OPEC will continue to insist on Russia cutting, not just freezing oil production after the organization finalizes its own agreement, the Saudi Energy Minister Khalid al-Falih said before the OPEC meeting.
"A freeze in production at November 2016 levels that Russia proposed, arguing that it would constitute output cuts against plans for 2017, does not correspond to what OPEC is trying to achieve in Vienna," Sputnik cited him as saying.
The Russian Energy Ministry said that they are waiting for a final OPEC decision on cutting production.
Iranian Oil Minister Bijan Namdar Zanganeh said that Russia is ready to reduce output. "Moscow have agreed to reduce their production and cut after our decision," Reuters cited him as saying.
Iraq's new oil minister Jabar Ali al-Luaibi said earlier that Iraq is ready to cut oil production within the country's interests.
A leading analyst of the National Energy Security Fund, a lecturer at the Financial University under the Government of the Russian Federation, Igor Yushkov, speaking to Vestnik Kavkaza, noted that, in fact, the freeze of oil production in Russia will be a cut. "When about two months ago, there was a first requirement to reduce the production in Russia, we made a return maneuver: we will reduce the volume of production only by limiting the increase in oil production at certain quantities, which we planned to increase at first. We planned to increase our oil output by another 300-400 tonnes per day," he said.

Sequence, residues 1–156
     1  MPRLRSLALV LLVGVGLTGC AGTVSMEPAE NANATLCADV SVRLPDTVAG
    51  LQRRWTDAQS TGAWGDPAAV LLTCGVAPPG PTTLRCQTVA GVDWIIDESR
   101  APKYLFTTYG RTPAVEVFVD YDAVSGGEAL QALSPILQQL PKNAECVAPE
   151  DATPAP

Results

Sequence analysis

Meanwhile, it is unclear whether at least OPEC countries will be able to agree on cutting oil production. "Saudi Arabia will again start to accuse Russia in reaching a historical maximum - although it also set an oil record a month ago," the expert warned.
According to him, if the agreement between OPEC and Russia is concluded, the negotiations with the Russian oil producers will be held by President Vladimir Putin personally. "Because there is no formal levers of pressure on oil companies in Russia. Our legislation does not allow to say that today it is allowed to produce more or less, because we have a market model of the industry," Igor Yushkov expects.
There will be benefits for Russia from cutting oil production only when the price of oil will rise to the level at which the budget of the country will cease to be scarce. "Of course, Russia would like to see high oil prices, at the same time, we should not forget that they depend not only on OPEC and Russia, but also from the US Federal Reserve," the economist pointed out.
"Therefore, I think that if OPEC reaches agreements, and Russia joins them, it is possible that prices will increase to $60 per barrel or even higher. But if the Federal Reserve raises rates in December, the oil price will drop to $40 per barrel again," the leading analyst of the National Energy Security Fund, a lecturer at the Financial University under the Government of the Russian Federation concluded.